More than a few times, Jalen Whitlow emerged from a pile of players on Saturday clutching his shoulder or hunched over in obvious pain.
"It was pretty painful, especially when I get hit on it or land on it," the Kentucky quarterback said of the strained AC joint in his non-throwing shoulder.
Whitlow, who's been battling ankle and shoulder injuries for the past couple of weeks, never left the game.
He kept playing. He ran the ball 24 times.
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That wasn't lost on the other guys wearing blue in the Cats' 48-17 loss to No. 9 Missouri on Saturday.
"This group is hungry on offense," coordinator Neal Brown said. "We are starving for somebody to take the reins and I thought (Whitlow) showed some toughness today.
"We're looking for production and leadership. ... I thought he did some really gritty things in the third quarter. He ran the ball some; sometimes he pulled it. He had a look in his eye that he wasn't going to be denied in that third quarter, and we need more of that."
Whitlow's efforts, which included 225 yards passing, matching his career high, and his 44 yards on the ground, definitely weren't lost on the head coach who two weeks ago challenged the sophomore to step into a leadership role.
"He had some very tough runs against a very tough, physical defense, and it was nice," Stoops said of Whitlow. "You could tell he was hurting, and again, I think he's learning to compete."
Brown hopes that Whitlow's fight becomes contagious for the offense.
The quarterback went a long way toward becoming that leader on Saturday, his teammates said.
"He's being a lot more vocal and playing well, continuing to get better," senior running back Raymond Sanders said. "You know, he's being vocal and it's helping out. The thing is, he played through some pain this game and you can't ask for nothing more from your quarterback than to play through some pain."
Even a player on the other side of the ball is seeing the growth happen.
"People build off that," junior defensive end Alvin "Bud" Dupree said of Whitlow playing through pain. "And once you start yelling at people and getting after people, the offense will step up to a whole other level."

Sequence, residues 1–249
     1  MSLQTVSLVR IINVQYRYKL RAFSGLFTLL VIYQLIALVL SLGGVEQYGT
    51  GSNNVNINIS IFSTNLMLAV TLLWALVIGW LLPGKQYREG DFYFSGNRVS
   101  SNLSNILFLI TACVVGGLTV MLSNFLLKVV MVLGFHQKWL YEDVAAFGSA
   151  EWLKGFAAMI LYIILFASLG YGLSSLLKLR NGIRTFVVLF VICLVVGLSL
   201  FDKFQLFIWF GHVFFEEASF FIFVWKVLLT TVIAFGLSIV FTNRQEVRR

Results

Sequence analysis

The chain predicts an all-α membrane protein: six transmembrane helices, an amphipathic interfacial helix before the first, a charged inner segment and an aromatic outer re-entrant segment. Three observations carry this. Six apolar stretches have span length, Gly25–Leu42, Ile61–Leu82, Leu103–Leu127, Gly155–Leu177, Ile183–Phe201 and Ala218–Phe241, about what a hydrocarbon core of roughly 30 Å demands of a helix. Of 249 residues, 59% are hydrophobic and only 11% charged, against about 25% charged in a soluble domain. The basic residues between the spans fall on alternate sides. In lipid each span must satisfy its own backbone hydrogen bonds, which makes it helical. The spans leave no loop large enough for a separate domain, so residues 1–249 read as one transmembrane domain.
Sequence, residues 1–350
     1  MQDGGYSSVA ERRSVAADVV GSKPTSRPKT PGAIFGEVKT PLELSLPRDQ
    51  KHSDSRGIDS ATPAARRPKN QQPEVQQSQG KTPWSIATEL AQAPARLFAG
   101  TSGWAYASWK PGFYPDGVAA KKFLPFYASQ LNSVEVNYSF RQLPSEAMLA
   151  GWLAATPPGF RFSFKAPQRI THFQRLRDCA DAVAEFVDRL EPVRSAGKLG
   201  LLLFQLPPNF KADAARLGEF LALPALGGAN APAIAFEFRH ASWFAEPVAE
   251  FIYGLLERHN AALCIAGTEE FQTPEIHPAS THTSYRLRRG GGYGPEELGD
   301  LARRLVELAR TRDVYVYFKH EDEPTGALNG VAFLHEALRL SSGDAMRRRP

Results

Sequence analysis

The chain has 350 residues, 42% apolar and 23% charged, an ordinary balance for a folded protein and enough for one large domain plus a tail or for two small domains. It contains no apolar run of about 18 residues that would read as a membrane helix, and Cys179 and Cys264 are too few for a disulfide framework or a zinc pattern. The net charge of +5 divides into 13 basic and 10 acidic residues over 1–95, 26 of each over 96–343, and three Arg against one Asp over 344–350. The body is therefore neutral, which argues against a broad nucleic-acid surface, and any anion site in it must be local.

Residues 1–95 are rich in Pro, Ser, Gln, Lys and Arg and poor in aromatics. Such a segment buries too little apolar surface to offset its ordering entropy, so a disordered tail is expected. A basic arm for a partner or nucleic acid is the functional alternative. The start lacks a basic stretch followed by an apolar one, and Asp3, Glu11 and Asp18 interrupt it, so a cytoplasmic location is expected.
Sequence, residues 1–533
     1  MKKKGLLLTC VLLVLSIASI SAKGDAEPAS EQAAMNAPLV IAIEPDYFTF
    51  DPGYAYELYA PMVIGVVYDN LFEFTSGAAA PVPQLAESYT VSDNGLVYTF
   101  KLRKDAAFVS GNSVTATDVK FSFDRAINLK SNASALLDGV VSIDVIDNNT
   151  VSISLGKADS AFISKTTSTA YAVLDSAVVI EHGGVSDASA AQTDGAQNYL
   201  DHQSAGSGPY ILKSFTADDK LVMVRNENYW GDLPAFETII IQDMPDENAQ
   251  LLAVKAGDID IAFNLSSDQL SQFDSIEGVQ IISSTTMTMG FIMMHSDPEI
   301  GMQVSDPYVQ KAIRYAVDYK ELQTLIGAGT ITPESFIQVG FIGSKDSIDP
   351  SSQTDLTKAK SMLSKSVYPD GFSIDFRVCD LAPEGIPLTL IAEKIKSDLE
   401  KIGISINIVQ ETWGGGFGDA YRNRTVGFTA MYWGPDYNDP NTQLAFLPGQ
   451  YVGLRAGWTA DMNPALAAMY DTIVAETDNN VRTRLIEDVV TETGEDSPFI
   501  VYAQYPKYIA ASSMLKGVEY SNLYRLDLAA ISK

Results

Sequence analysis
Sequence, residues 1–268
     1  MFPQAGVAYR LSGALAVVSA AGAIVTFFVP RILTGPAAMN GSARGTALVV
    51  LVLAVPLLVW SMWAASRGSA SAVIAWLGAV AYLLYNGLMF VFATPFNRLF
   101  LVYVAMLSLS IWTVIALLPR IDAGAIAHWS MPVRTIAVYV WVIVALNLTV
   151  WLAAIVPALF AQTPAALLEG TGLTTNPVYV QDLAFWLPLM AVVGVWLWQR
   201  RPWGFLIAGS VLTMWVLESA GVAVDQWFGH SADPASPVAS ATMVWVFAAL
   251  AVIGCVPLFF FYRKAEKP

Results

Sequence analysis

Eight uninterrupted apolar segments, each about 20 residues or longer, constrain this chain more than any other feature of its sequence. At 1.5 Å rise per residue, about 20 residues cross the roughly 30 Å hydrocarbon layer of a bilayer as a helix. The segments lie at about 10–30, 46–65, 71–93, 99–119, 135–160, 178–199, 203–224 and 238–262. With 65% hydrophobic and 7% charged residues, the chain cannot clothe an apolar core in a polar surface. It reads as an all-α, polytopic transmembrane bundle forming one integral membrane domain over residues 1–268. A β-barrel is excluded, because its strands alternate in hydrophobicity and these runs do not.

Turnover ends streak
Kentucky was one of the nation's best at taking care of the ball, coming into Saturday's game with just six miscues.
Missouri was a team of ball hawks, forcing 24 turnovers this season, second most in the nation. They had forced a mistake in 39 straight games, the longest streak in the BCS.
The Tigers found a way to extend their streak, forcing the Cats to cough up the ball in the third quarter when Raymond Sanders' 40-yard catch ended in a fumble at midfield.
"It was very frustrating," Sanders said. "I let my team down right there on that play. I've got to be cautious of those guys coming from behind, so it definitely hurt."
It also ended UK's school-best streak of four straight games without a turnover. Knowing the Cats had been so sure-handed was motivating for Missouri.
"We knew they do a great job of holding onto the ball," said linebacker Andrew Wilson, who forced Sanders' fumble with a back tip. "We knew we were going to have to do a great job getting after the ball."
The loss to Missouri guaranteed a fourth straight losing season for Kentucky and means the Cats will miss out on a bowl for a third straight season.
With three games to go, how do the coaches keep the Cats motivated?
"I've got to get these guys up," Stoops said. "We've got to get them mentally prepared to practice on Monday and to prepare, and to go out there and compete and try to win a game. That's what I'm going to do. I'm going to go back to work and stick to the things that I feel are necessary to help build this program. I may get frustrated, but I'm not discouraged."
The UK players still sounded motivated to play hard for various reasons.
"We just have to keep building from there, play for pride since a bowl game's not an option," Dupree said. "We play for pride. We play for next year's team. We play for the future of the program."
Wide receiver Jeff Badet said the team still has obvious motivation: victories.
"We've still got three games left that we're capable of winning, so we just need everybody to just come together and be brothers," he said.
Fellow freshman Jojo Kemp had a different perspective. What's left for UK to play for? "Just to kill somebody's dream, I guess."